Carla del Ponte walks out of the office she has occupied for the last eight years in The Hague satisfied - if a little frustrated.
Four suspects got away
Statistics speak for her achievements at the International Criminal Tribunal for the former Yugoslavia (ICTY): 91 war crimes suspects taken into custody, 63 served with indictments - only four of them still at large - and 44 trials.
In her justice-for-the-victim quest, she reserved a "guilty-until-proven-innocent" treatment for the alleged perpetrators.
Carla Del Ponte says she has always championed the cause of victims. Her tenure "started, continued and ended with them", as she put it last week.
By her own count, more than 3,500 horrendous Balkan stories have been re-told inside the three courtrooms.
The first such tribunal since Nuremberg has been delivering verdicts on very senior officials - and on the history of the Balkans in the last decade of the last century - the bloodiest since World War II.
The long catalogue of cases heard includes:
- Genocide, recognised as having been perpetrated in Srebrenica in Bosnia-Hercegovina in 1995
- The siege of Sarajevo, now classified as a war crime
- Rape used as an instrument of war
And questions over the legality of Nato's military intervention in Kosovo in 1999 without a United Nations authorisation are yet to come.
Carla Del Ponte's international teams sometimes seem to struggle in a web of Balkan conspiracy unfolding around place names likely to challenge the best-travelled linguist and historian
This is an impressive list - but the statistics may not necessarily cement Ms Del Ponte's, or the tribunal's legacy.
After all, former Bosnian Serb leader Radovan Karadzic and his wartime commander, General Ratko Mladic, are still at large.
And their boss, the former president of Serbia and then Yugoslavia, Slobodan Milosevic, cheated justice by dying in his cell at the tribunal's detention centre last year.
Compromise and politics
Ms Del Ponte took particular pride in bringing the first head of state before a trial chamber, but her critics say this trial became such a huge marathon that it undermined the tribunal's work.
Milosevic was allowed to turn the trial into a political show. And arguably, a verdict would have been delivered if the indictment not been so all-encompassing, combining as it did charges relating to Bosnia, Croatia and Kosovo. Splitting the case into parts may have been a more effective way of handling it.
She was "furious" at Milosevic's death, she said recently. "For me," she said, "that meant four years of arduous work without legal satisfaction."
Milosevic - among others - said he did not recognise the tribunal and saw Carla Del Ponte as a pawn of the West.
She did not agree, and in fact, reserved some withering criticism for the Western countries' failure, for political reasons, to have Karadzic and Mladic arrested in the run-up and the immediate aftermath of the 1995 Dayton Peace Accords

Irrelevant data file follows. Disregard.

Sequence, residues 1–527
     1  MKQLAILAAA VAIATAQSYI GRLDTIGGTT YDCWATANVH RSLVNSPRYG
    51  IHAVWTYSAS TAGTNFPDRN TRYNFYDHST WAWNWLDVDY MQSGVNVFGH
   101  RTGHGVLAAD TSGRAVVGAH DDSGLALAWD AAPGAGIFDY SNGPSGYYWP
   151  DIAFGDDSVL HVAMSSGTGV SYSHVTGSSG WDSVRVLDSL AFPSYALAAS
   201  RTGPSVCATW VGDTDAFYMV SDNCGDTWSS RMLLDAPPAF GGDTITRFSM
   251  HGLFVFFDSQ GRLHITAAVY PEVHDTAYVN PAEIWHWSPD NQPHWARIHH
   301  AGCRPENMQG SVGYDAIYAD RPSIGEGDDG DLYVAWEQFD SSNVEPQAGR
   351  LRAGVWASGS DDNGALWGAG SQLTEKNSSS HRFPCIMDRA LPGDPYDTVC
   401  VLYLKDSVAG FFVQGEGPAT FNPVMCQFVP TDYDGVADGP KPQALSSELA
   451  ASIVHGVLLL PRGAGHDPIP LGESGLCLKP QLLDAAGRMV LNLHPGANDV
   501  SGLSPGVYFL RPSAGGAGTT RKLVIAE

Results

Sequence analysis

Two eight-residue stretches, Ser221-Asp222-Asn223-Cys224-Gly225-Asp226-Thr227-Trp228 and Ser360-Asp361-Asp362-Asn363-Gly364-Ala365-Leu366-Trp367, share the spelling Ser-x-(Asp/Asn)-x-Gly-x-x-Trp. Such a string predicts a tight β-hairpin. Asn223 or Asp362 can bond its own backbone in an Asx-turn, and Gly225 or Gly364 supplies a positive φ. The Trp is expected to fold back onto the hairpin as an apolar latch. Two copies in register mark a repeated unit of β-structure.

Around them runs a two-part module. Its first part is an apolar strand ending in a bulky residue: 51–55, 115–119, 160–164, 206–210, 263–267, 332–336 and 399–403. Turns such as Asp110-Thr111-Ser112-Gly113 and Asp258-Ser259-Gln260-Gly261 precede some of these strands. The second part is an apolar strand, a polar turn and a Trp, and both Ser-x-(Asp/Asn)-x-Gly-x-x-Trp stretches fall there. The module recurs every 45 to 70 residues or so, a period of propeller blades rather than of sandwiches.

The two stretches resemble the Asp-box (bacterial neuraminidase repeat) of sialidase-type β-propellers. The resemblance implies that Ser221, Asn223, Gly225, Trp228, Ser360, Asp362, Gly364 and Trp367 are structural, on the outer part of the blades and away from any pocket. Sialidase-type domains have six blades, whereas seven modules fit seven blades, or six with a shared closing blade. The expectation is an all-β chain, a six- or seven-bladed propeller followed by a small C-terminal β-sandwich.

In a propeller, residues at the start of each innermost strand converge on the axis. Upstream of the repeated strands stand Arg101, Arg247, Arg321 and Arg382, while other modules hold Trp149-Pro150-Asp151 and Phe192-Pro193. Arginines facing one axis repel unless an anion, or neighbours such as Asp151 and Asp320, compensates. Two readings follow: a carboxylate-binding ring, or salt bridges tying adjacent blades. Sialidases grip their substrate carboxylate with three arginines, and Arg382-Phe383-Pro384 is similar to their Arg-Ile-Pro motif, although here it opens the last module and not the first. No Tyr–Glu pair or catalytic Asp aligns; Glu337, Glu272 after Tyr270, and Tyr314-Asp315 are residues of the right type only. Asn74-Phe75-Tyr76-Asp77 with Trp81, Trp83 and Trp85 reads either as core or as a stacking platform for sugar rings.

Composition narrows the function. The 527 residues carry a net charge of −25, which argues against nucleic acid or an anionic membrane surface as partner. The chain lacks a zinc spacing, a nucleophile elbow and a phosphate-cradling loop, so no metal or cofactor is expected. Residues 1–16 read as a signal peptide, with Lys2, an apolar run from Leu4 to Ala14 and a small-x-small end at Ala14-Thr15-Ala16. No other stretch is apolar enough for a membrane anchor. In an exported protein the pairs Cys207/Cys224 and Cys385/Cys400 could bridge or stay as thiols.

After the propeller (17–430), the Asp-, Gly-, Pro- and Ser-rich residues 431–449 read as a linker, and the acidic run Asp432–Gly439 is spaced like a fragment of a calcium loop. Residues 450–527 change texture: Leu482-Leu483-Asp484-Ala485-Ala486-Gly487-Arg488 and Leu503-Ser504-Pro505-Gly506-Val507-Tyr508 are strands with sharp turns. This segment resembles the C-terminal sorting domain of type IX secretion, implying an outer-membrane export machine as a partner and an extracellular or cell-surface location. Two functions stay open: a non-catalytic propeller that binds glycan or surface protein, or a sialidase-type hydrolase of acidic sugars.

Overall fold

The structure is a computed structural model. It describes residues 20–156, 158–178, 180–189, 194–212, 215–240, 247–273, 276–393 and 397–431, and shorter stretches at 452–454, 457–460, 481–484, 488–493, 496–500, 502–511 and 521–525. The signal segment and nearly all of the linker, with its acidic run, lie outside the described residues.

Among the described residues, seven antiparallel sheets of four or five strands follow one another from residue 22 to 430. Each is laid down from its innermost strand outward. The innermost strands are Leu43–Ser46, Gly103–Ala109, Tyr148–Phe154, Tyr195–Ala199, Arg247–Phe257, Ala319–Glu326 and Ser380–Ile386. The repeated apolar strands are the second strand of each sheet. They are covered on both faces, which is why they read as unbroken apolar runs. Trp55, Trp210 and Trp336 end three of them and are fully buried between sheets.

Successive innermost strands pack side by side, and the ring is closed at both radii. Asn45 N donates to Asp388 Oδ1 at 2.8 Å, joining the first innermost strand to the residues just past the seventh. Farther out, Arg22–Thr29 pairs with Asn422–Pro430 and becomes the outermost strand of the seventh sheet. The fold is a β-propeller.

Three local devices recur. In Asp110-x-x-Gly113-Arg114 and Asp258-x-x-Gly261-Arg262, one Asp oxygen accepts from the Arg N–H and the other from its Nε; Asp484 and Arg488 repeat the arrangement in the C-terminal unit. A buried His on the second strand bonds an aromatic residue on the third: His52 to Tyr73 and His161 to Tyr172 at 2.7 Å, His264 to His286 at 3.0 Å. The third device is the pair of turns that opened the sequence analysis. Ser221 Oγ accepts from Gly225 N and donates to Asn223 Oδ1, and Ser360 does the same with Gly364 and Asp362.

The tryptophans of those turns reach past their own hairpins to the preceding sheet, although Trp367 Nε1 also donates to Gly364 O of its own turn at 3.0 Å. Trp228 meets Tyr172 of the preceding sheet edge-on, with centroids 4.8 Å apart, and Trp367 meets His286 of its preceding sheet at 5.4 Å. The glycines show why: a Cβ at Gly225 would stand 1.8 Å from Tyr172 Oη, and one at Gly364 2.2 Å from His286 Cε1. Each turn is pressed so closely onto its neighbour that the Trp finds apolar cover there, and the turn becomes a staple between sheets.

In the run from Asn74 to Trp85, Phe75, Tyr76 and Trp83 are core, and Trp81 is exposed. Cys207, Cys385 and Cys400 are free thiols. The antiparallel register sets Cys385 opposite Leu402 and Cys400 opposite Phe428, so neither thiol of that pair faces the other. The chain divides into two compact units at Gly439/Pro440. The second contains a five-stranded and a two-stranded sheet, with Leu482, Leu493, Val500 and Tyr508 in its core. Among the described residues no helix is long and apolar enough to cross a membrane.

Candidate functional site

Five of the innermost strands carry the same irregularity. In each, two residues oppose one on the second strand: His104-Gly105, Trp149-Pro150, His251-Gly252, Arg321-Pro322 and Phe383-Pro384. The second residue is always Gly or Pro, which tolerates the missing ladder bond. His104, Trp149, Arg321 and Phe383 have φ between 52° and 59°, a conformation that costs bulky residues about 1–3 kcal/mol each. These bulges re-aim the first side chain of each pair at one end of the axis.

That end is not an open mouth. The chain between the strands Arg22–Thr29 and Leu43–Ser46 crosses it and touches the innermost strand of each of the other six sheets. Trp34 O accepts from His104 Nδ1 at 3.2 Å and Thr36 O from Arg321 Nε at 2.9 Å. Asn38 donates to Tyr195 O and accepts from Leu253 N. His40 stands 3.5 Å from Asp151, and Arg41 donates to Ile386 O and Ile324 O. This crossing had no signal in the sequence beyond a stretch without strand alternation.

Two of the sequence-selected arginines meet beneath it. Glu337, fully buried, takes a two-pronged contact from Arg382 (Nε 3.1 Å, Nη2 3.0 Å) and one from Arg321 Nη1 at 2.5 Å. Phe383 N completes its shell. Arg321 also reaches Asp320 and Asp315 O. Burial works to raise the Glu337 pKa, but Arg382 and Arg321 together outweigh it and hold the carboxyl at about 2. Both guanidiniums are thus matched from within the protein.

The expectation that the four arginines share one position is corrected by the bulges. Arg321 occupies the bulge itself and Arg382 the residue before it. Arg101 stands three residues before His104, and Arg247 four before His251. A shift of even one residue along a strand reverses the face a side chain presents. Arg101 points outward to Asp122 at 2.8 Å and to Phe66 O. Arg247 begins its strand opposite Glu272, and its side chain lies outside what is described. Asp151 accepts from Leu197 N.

Furthermore, she says, the West's infatuation with getting Serbia to accept an independent Kosovo is hindering the search for Ratko Mladic.
But she had to play her own political game, contributing to the European Union policy of linking Serbia's - and Croatia's - path to membership to their co-operation with the tribunal.
And critics could not fail to notice how Karadzic dropped out of her vocabulary. Whether it was a political compromise or simple resignation - Del Ponte and many others believe Mladic is within grasp of the Serbian authorities, whereas Karadzic's trail has gone cold - remains unclear.
One of her predecessors, Richard Goldstone, told the BBC News website that Carla Del Ponte had displayed "tremendous determination" in her job.
"In particular, she fought extremely hard to obtain the detention of Karadzic and Mladic," Judge Goldstone said.
"That she has not suceeded is a great disappointment and I sincerely hope that her efforts will prove not have been in vain."
All are equal
Ms Del Ponte's efforts to show impartiality by making sure all Balkans nations were represented in the dock was another move that may have been motivated partly by political considerations.
But non-Serbs convicted by the tribunal have been rare exceptions.
And you get cases like that of former Kosovo Albanian guerrilla-turned-prime-minister Ramush Haradinaj, whose defence is so confident that prosecutors have not made their case, that it is not even bothering to call witnesses.
Carla Del Ponte's international teams sometimes seem to struggle in a web of Balkan conspiracy, unfolding around place names likely to challenge the best-travelled linguist and historian.
The outgoing chief prosecutor says The Hague "is not only about conviction of defendants".
But some critics wonder whether she has focused too much on delivering suspects for trial, rather than getting guilty verdicts.
In the Balkans, victims want those verdicts in order to get some semblance of closure.